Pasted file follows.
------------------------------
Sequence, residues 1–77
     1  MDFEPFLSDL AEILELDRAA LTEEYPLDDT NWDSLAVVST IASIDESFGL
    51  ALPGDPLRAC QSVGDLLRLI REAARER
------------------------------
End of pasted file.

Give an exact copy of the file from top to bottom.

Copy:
Sequence, residues 1–77
     1  MDFEPFLSDL AEILELDRAA LTEEYPLDDT NWDSLAVVST IASIDESFGL
    51  ALPGDPLRAC QSVGDLLRLI REAARER